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Self-filling chicken tractor waterer
Glenn Ingram didn't only make
his coop waterer self-filling, he added the same
innovation (plus some) to his chicken tractor. I'll let him tell
you about his tractor watering system in his own words:
Here is the overall chicken tractor. It has wheels that go up and down as needed. I like my tractor because I almost never have to go inside. I can pour feed in from the outside, collect eggs from a door to the outside, and water from the outside. Better yet, have the tractor collect rain water for the chickens to drink.
Here is a close-up of the buckets. They are not heated as I don't keep the chickens in the tractor during freezing weather. It has the same exact features as the 5-gallon bucket system for my larger non-mobile coop. The problem on the chicken tractor is the lack of vertical room for the bucket to be below the gutter yet high enough so the chickens can get under it to drink.
So I used a 2-gallon bucket. I used a piece of flexible sump pump hose for the overflow so I can have a little more control of where the overflow goes to get the water away from the tractor and yet it does not get in the way when moving it. I put a water level indicator on the outside, which works well but you have to take the slope into account. We have almost no flat spots on our hilly terrain so the buckets are never level. Depending on the slope, the indicator can make it look like there is more or less water in the buckets than reality. Just understand what the water level will look like with the slope.
To gain more water capacity, I slaved a second 2-gallon bucket to the 1st one. This is done by simply connecting the 2 buckets with a 3/4" pipe at the bottom of the buckets. It can be a straight pipe, mine has a 45 degree turn to get around the post. This connection allows the 2 buckets to act like one larger bucket. As one bucket fills, the other bucket fills, as one empties, the other empties. Be sure to drill a small hole in the lid of the bucket without the downspout so air can escape or enter to replace the water that is moving (otherwise you create a vacuum and the water cannot move). This works great so that I have about 3.5 gallons of water capacity yet the buckets fit in the tight vertical space (a little less that 3 feet total). I never put more that 6 chickens in the tractor so they never empty these buckets before it rains again. If I ever do need to add water as after cleaning, I just pour it in the gutter. I do the same thing with the large bucket system on the main coop.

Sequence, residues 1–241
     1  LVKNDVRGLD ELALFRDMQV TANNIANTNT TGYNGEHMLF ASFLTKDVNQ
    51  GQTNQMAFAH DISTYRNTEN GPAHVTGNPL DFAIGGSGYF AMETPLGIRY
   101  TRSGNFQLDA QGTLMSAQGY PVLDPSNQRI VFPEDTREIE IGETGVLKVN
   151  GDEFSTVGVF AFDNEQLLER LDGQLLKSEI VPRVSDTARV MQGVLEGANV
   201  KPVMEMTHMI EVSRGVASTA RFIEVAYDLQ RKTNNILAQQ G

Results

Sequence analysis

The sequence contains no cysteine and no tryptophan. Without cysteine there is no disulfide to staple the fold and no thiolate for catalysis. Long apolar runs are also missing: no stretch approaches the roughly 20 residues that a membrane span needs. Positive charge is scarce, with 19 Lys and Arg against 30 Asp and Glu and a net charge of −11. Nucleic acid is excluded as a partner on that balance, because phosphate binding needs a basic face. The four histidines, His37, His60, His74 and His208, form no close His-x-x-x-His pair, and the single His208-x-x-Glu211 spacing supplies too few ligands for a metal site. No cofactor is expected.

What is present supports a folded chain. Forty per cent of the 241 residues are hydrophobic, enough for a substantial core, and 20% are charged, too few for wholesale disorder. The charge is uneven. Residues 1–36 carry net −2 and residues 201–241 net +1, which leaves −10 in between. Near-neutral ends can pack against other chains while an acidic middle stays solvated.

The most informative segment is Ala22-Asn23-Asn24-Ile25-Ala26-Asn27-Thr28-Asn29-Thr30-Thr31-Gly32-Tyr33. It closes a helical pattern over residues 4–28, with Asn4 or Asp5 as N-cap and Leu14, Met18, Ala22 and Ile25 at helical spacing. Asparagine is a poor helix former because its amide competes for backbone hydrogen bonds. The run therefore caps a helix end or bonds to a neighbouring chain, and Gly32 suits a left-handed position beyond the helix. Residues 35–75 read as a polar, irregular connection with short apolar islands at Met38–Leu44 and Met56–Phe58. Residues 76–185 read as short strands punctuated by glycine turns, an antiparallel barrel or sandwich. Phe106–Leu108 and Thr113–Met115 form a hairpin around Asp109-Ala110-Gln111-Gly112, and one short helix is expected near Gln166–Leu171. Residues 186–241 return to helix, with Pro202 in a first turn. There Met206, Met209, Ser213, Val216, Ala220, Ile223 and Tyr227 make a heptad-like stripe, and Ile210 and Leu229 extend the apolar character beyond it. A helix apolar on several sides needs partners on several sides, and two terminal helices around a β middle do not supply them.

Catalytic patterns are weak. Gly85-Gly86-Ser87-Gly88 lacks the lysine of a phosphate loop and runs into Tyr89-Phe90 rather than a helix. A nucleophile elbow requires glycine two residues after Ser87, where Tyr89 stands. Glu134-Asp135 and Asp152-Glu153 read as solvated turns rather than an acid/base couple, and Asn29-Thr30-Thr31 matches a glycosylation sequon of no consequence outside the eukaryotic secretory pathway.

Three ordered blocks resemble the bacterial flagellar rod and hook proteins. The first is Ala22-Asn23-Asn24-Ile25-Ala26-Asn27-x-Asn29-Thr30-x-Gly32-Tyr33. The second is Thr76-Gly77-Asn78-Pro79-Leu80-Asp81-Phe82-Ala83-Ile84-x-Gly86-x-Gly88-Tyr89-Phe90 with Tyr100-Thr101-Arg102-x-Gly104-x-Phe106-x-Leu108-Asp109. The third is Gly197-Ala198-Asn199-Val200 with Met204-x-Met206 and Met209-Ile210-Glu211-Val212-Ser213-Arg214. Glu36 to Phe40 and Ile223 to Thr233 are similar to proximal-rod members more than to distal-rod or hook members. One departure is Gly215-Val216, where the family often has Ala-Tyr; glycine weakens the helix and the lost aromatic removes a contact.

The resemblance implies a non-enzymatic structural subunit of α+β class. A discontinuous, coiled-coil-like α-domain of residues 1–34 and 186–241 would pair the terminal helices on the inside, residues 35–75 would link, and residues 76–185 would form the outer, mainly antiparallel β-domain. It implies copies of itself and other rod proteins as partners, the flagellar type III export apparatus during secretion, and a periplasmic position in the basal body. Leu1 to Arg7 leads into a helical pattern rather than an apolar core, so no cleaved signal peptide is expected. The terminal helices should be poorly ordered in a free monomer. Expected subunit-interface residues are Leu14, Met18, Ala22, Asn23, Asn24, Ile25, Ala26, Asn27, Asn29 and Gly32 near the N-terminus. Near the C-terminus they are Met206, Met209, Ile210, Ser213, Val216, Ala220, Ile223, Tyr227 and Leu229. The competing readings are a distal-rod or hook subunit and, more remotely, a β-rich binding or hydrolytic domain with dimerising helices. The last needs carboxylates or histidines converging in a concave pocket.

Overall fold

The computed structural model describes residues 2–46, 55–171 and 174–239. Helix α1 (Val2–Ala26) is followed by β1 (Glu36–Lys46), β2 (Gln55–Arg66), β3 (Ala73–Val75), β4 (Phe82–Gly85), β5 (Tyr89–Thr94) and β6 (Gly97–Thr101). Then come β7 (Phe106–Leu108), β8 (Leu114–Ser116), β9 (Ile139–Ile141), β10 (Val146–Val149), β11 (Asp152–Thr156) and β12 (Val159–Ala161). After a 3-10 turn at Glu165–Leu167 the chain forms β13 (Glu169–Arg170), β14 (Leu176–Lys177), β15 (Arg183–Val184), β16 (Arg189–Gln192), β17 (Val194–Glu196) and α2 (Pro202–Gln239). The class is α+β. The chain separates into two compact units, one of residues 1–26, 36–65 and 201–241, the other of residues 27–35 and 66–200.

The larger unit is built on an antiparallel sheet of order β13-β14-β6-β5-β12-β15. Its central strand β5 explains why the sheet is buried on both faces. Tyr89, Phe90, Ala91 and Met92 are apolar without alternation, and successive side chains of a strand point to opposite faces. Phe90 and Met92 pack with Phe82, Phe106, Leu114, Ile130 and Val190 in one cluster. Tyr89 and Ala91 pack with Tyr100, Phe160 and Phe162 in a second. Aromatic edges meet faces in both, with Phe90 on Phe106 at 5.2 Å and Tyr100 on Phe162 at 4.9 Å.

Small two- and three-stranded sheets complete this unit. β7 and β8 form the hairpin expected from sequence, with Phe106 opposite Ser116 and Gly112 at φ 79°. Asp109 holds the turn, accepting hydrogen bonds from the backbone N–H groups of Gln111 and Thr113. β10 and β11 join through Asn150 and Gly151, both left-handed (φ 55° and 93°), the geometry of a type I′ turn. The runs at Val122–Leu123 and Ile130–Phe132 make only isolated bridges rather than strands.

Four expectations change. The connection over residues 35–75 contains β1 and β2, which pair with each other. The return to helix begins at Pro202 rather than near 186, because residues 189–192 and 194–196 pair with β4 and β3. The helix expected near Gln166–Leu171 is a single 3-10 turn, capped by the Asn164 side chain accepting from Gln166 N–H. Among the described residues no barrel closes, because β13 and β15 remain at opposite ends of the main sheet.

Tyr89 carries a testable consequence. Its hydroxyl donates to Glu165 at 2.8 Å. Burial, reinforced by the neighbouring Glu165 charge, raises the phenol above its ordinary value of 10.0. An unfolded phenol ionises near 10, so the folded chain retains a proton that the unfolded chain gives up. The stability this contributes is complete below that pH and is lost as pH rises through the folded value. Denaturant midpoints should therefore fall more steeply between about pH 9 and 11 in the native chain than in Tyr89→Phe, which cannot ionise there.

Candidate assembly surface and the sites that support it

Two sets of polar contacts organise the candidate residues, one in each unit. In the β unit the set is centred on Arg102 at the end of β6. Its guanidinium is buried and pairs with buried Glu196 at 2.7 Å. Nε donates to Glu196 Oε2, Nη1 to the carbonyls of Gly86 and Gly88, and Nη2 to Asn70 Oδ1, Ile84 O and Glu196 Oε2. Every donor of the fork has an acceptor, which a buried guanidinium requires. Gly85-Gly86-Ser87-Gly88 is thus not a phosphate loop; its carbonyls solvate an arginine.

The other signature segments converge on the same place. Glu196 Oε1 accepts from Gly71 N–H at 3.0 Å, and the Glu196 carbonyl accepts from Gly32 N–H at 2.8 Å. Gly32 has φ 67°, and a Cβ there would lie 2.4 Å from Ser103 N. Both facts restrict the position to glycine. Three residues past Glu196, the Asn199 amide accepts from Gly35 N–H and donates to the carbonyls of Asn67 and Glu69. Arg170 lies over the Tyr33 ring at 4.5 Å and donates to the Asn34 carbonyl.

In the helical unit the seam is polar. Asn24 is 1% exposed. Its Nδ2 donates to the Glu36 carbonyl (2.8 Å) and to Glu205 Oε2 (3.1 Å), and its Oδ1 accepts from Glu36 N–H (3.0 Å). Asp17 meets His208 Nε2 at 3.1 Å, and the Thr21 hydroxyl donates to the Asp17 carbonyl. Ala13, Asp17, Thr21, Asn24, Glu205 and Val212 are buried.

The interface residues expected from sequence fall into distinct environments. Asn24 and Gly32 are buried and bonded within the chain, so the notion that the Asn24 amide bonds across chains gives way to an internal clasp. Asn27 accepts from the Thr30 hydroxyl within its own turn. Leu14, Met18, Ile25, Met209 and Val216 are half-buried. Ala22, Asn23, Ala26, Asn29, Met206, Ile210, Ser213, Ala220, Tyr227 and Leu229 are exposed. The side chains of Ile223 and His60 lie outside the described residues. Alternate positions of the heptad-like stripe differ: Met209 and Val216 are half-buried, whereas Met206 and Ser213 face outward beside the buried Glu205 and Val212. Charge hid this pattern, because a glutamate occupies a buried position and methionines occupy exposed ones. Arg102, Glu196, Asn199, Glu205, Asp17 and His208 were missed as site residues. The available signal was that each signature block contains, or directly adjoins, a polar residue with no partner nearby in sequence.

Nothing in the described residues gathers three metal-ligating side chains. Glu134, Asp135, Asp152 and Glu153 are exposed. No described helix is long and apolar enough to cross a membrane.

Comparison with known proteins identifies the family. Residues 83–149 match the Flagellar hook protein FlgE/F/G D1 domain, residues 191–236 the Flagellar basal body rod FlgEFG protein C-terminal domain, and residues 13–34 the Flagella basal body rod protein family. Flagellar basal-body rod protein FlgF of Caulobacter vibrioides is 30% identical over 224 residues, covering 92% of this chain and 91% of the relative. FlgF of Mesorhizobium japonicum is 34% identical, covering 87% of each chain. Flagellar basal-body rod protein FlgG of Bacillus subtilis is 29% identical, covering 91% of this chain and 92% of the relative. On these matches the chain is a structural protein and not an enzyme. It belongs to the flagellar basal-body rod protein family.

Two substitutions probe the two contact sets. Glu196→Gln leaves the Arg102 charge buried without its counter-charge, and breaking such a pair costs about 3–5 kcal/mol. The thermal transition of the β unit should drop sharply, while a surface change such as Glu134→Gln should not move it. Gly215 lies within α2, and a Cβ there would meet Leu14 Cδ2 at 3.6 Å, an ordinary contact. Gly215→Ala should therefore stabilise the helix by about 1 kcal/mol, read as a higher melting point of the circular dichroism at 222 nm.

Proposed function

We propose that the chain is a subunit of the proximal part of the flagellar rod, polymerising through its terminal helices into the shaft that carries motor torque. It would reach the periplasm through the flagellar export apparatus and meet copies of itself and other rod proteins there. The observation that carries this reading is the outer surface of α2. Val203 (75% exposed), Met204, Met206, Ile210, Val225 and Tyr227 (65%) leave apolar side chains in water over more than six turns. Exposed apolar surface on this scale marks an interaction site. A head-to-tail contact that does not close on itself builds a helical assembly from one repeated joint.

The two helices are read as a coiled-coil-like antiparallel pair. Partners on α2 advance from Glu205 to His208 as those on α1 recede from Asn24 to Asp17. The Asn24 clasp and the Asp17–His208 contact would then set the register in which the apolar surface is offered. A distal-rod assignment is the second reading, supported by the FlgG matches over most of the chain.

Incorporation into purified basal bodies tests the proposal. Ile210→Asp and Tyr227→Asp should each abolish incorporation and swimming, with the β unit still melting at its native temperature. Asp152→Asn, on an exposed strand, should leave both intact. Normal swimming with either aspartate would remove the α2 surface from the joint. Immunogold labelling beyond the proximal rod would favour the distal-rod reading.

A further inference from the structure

The nipple is, again on the bottom of the bucket. I only have one nipple right now but I am going to add another. I used some bent lightweight galvanized steel conduit to mount the buckets, but I just used them because they were left over from another project. I don't know that I would recommend them as they are not perfectly stable when moving the tractor, but they are pretty good.
The entire roof of the chicken tractor opens which also lifts the gutter and therefore downspout out of the bucket. I can then easily pick up both buckets at once to remove them for cleaning or to take them inside in freezing weather.
One other note, I highly recommend the use of Uniseals to connect pipes to buckets. You can order them online very affordably in pretty much any size that PVC pipe comes in. Then you just drill the appropriate-sized hole with a hole saw (they tell you which one to use) and pop the Uniseal into place. You then push a piece of PVC pipe of the appropriate size into the hole with the uniseal in place. The pipe pushes the Uniseal against the sides of the hole and seals wonderfully. There are no glues or adhesives and you don't even need access to the inside of the bucket. They work equally well on curved and flat surfaces. The best part is you can pull the pipe back out, remove the uniseal and reuse it somewhere else. I don't know how long they last, but they have been great for the past 8 months with lots of sun exposure and freezing temperatures. We'll see how they last through the summer. I use these for making rain barrels as well.
You may also notice that I have tin roofs on my coops. Asphalt/tar shingle roofs may not work well because of tar from the roof getting in the water. That may or may not affect the chickens’ health. Also, the small pieces of grit from shingles clog up the screens requiring more maintenance. Debris also seems to wash off the tin roof much faster so you don’t get as much bacteria growing on the roof. I don’t know that bacteria is really a problem when talking about a bird eating off the ground all day, but at least that is less bacteria to be growing in their water bucket.
Glenn's waterer is based on our do it yourself chicken waterer kit.
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